I “tweet” (that’s what a Twitter post is called, for the uninitiated) about sports a lot, because I like being able to spout off what I’m thinking right at a particular time. As a fan, the emotions tend to run hot and cold, and being able to write right away about what’s going on in my head is something I’ve really enjoyed.

Certainly, there’s the potential for Twitter to neuter narrative detail, and that’s a danger, especially with the 140 character limit. But that’s also a challenge- you need to be creative to express yourself in small bursts, to get your point out sharper and quicker, as Simmons mentions in the link above.

But it’s not just what you give- there’s a lot to get in there as well.

Like a particular topic? Search it on Twitter- find people who are talking about it, respond to them, start a conversation. I’ve gained a few followers and followees that way, while ranting on something or other on a particular night.

Much has been made of “celebrities” who are on Twitter, and there’s no shortage of them now, with it gaining popularity of late. And there’s those who, as Simmons also mentioned, use it as a marketing vehicle and a subtle way to promote themselves. But there’s also some who use it as a direct line to fans and people, to communicate and debate and react to the people who are out there. The band Collective Soul, for example- usually, guitarist Dean Roland- often spends time “tweeting” back with fans. And while there are limitations in the Twitter format, there’s no denying the benefit of a direct line to those that support you. And the possible advantages in having such a line, rather than being forced to use handlers or publicists or media.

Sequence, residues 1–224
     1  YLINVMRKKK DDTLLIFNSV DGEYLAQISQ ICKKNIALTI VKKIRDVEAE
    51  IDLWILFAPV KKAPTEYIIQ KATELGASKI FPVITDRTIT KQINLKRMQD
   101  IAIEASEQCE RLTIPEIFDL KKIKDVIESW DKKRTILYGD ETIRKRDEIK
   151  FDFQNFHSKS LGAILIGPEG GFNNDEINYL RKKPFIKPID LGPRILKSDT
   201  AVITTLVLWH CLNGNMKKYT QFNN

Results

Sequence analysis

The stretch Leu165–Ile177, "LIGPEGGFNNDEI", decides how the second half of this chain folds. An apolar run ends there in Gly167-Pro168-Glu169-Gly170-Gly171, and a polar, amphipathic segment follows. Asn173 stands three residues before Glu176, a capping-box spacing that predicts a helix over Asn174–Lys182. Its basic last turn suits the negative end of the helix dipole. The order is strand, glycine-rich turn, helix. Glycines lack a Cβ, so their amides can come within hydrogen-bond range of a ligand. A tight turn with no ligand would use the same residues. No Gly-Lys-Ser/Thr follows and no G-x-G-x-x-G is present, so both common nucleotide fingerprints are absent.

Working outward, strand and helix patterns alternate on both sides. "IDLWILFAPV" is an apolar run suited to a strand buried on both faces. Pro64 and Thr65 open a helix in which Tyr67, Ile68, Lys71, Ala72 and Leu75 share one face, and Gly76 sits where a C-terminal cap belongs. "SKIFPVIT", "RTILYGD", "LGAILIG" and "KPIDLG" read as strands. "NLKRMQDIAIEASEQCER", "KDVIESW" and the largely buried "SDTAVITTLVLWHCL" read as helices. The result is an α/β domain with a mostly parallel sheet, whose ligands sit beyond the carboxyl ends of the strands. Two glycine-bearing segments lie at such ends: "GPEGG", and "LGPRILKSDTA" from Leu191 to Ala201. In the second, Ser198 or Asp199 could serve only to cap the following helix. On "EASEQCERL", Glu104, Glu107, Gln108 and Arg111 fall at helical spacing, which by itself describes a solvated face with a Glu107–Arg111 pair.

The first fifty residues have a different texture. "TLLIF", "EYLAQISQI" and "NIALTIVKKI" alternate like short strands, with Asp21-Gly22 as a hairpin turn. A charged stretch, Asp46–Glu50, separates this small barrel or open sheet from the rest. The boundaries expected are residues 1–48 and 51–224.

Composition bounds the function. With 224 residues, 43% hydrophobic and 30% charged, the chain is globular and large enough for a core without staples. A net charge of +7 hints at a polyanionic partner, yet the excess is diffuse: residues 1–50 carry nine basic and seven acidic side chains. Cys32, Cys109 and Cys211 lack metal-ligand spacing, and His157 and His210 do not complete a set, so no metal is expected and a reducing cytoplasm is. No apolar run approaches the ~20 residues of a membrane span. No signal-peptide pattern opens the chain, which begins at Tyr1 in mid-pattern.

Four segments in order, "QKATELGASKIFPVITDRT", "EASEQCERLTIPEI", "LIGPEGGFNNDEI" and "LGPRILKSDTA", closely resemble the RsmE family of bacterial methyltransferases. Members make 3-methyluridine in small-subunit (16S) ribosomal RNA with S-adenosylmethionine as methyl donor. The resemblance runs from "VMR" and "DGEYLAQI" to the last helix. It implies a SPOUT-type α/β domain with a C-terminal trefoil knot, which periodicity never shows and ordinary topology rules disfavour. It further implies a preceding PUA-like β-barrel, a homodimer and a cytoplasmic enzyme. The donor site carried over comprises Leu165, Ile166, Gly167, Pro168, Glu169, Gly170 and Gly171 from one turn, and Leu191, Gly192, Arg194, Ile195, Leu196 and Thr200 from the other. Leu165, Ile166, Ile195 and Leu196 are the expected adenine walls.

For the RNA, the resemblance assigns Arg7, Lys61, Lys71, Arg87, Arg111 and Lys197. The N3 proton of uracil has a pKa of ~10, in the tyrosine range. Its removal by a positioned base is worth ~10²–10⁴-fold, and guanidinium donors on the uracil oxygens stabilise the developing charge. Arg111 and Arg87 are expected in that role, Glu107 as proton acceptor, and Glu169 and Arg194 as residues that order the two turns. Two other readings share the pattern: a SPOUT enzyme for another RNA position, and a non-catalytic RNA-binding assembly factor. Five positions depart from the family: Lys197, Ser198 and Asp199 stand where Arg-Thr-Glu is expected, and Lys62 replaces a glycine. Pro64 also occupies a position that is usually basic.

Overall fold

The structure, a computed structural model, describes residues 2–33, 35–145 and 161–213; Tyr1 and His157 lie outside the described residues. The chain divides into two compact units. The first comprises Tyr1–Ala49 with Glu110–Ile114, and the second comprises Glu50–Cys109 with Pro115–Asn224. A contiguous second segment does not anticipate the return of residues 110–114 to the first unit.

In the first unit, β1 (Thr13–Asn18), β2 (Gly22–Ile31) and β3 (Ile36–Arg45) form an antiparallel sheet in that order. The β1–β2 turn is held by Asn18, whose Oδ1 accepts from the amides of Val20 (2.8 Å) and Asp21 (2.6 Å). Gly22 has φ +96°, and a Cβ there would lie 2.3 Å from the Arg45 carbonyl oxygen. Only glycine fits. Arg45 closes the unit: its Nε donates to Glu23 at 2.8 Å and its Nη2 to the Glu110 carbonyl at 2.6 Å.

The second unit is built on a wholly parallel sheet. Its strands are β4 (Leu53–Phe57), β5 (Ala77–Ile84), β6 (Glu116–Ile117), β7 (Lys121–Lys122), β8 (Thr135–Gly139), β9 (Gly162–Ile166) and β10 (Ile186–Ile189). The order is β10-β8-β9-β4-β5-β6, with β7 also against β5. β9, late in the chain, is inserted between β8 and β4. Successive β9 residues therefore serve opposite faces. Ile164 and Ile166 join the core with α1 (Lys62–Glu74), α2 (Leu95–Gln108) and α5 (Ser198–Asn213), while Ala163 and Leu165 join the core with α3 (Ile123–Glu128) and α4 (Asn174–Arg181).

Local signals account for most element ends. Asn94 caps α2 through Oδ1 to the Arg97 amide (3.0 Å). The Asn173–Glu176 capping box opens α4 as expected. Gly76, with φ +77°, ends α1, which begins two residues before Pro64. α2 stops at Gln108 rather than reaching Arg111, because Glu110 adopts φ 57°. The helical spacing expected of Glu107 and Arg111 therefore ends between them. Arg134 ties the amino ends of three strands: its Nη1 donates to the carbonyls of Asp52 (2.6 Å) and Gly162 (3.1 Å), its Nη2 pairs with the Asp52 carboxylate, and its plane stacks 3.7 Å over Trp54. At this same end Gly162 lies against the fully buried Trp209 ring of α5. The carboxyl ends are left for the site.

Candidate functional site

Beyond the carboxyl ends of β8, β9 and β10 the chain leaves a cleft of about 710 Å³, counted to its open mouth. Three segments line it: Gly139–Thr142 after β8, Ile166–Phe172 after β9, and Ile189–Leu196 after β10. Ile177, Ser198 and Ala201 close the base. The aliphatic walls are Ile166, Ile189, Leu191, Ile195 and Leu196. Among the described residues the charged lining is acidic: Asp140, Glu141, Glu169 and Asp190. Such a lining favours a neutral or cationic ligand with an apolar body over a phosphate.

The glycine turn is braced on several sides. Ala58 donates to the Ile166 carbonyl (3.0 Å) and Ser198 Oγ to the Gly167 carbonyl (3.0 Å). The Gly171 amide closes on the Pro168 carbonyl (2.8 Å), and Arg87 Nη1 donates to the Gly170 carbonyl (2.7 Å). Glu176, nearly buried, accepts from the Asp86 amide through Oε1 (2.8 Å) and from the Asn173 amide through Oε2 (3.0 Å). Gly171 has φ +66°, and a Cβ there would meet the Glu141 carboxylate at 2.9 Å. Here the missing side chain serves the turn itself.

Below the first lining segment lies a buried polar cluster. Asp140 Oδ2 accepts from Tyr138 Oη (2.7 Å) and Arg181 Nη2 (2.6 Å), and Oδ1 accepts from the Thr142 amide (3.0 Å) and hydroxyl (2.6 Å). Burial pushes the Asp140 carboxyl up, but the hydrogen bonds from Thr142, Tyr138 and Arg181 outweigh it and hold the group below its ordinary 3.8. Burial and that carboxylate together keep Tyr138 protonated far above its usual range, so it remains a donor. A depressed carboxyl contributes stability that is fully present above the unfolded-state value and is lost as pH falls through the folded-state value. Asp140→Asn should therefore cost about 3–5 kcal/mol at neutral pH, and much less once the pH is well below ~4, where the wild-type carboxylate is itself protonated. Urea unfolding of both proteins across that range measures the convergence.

As someone following the evolution of journalism and media, Twitter is a fascinating study in that evolution.

Middlemen are being continually eliminated, with processes of communication becoming easier by the day. Anyone can have a blog, or be a self-published author. Podcasts can be made and produced in the comfort of one’s home, with nothing more expensive than a microphone. When media outlets were shut out of Iran during the protests over the election, Twitter became a way for people in Iran to get the word out. There was even a massive campaign to get users to change their location to “Tehran” to cover for legitimate Iranian protestors who were  really working against the government (think along the lines of  “I am Spartacus!”, for those wondering how that ever accomplished anything).

Changing the world? Nope. Greasing the wheels of the train? Sounds good to me.


This probably meandered off point. That’s not unusual for one of my posts.

But like I said, I’m not looking to lead a legion of followers to this strange, new-ish web meme(though, really, this guy’s pretty cool). Just looking to change the viewpoint on poor, picked on Twitter a little.

So stop on by Twitter sometime and see what’s up there. It won’t hurt. I promise.